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Compression Packing Cubes vs Standard Parking Cubes: Do They Actually Work?

If you’ve started doing some research on packing cubes and still have little idea what the difference is between standard packing cubes and compression packing cubes, then you’re not alone.

I’ve been travelling for years, and it was only once I really sat myself down and started to do some research that I realised that there are so many different types of packing cubes, and some a lot better than others.

If like me, you’re unsure of whether you should invest the extra bucks to get a compression packing cube over a standard cube, then this article should help you out.

In this article, I aim to answer the following questions:

  1. What is a compression packing cube and how does it differ from a standard packing cube?
  2. Do compression packing cubes ACTUALLY work?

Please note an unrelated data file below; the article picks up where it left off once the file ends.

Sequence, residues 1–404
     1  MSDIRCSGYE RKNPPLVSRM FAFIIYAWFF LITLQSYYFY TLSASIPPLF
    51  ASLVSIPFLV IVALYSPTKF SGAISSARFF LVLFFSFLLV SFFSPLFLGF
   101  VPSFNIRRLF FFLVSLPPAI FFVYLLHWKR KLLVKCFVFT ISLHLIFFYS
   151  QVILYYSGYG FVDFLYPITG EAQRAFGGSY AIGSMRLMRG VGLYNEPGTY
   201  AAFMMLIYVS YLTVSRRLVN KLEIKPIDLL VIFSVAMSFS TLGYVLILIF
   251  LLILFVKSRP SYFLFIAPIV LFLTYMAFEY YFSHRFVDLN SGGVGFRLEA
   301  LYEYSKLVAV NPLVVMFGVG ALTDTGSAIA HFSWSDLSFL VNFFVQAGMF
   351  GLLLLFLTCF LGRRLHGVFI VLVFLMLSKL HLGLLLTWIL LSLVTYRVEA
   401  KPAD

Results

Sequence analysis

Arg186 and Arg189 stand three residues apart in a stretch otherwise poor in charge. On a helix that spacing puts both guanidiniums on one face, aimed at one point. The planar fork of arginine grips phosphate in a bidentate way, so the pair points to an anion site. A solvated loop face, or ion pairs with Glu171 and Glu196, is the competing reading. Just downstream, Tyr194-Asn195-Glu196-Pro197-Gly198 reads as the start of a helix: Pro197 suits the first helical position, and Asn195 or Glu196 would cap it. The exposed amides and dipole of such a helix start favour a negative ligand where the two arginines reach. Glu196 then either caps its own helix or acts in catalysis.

3. Types of compression packing cubes you can buy
  4. Is the “added” compression worth the extra dollars?

Towards the end of this article, I also provide some tips and recommendations on popular compression packing cube brands that are available online. Also, ensure to sign up for our FREE Solo Travel Bootcamp e-course, if you’re interested to learn more about solo travel.

Related Articles: 


1. What is a Compression Packing Cube?

A compression packing cube is a type of packing cube that is said to offer greater compression when packing your gear compared to a standard packing cube.

They often include an additional zip and in many cases, it is recommended that you fold your clothing inside these types of cubes rather than rolling to get better compression and save space.

This differs from standard packing cubes in that rolling is usually the better method to include more while saving space and reduce wrinkles.


2. Do Compression Packing Cubes Actually Work?

This is a big debate among travellers.

Personally, I’ve found that those who use compression cubes, passionately advocate for and swear by them no matter what, whilst others claim they did very little.

As someone who prefers to be authentically honest with you guys, and base things off my personal experience – I’m yet to be convinced.

I can’t help but wonder if those in favour of compression packing cubes simply don’t want to admit that they’ve spent money on a product that doesn’t make a huge difference.